Tips For Parents: Questions About Standardized Testing Answered
Most parents have at least a few questions about standardized testing and how to help their child. In schools across the nation, standardized tests play a huge role in how schools are evaluated. In many areas, standardized testing even plays a role in a school’s funding. So, it is important that your child do the best they can on these tests. If you would like to help them do their best, read the following suggestions.
One important and relatively easy thing you can do is to make sure your child eats a filling and nutritious breakfast the morning of the test.
Some good breakfast ideas:
- Whole grain cereal with fruit and yogurt
- Whole grain bagel with peanut butter spread, fruit, and milk
- Whole grain waffles topped with fruit and milk
Try to find a breakfast your child likes that will also keep them full for a few hours. (The key to keeping them full is fiber and protein!)
Another pretty simple way to help your kids do well on standardized tests is to not schedule appointments during the days and/or hours the test will be administered. You might want to call and ask about the testing schedule early in the year since some doctors and dentists appointments are scheduled months in advance.
Know What Kind of Test-Taker Your Child Is
One of the questions about standardized testing which is frequently asked, is "How will my child handle it?" Does your child get anxious when it comes to important tests? Or does your child tend to not take testing very seriously? Depending on your child’s personality, you may need to step in and try to help. If your child gets nervous before tests, reassure them that while important, these tests will not determine the rest of their life! (I have had sixth graders come to me in tears because they are so worried that if they don’t do well, they will never get into college.) On the other hand, if your child tends to not worry at all about tests, explain to them that these tests are important and they should try their best. If you have an easy-going kid that tries in school, you probably don’t need to say anything other than, “Good Luck!”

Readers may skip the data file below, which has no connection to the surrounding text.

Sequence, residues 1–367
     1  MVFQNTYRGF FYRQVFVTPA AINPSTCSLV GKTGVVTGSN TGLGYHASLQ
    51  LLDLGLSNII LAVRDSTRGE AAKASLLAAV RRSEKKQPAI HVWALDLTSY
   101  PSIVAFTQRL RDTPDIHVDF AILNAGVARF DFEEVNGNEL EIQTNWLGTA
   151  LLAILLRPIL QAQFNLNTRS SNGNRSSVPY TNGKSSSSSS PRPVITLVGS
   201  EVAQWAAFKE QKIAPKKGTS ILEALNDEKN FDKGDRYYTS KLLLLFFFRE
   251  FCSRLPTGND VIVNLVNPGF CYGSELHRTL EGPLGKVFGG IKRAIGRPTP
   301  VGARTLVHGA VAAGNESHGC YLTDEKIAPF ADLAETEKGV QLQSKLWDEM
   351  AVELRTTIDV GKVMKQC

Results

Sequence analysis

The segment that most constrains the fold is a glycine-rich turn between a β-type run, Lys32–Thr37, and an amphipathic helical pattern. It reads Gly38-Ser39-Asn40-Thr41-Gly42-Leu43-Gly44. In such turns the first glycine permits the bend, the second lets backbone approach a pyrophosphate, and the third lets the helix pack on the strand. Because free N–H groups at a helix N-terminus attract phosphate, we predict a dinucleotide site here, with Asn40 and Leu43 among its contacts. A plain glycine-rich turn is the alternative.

Save Big News For Later
If you have important news that you know will upset/excite your child, if possible, save that news for after testing. For example, if your family is going to be moving to a different area and you know your child will be upset, it would probably be good to wait to share the news until testing is completed, if you can.
Criterion and Norm-Referenced Tests
When your child takes a standardized test, he or she will either be taking a criterion or a norm-referenced test.
Norm referenced tests measure the test-takers against the “norm” group. The “norm” group is the group that took the test before the test was administered to the public. So, for example, if your child receives a score of 77%, that means he or she did better than 77% of the norm group. On norm referenced tests, scores are usually given as a percentile or stanine.
Criterion referenced tests tell you more what the test taker knows rather than how he or she compares to others. They can tell you how well a student is faring on goals and standards set by the school district or state.
It is a matter of opinion which test type is better.
Read more about norm-referenced and criterion-referenced tests.
As a teacher, the main piece of advice I offer to parents when they have questions about standardized testing is to take standardized test results seriously, but also remember that they are just one measure of how well your child is faring in school.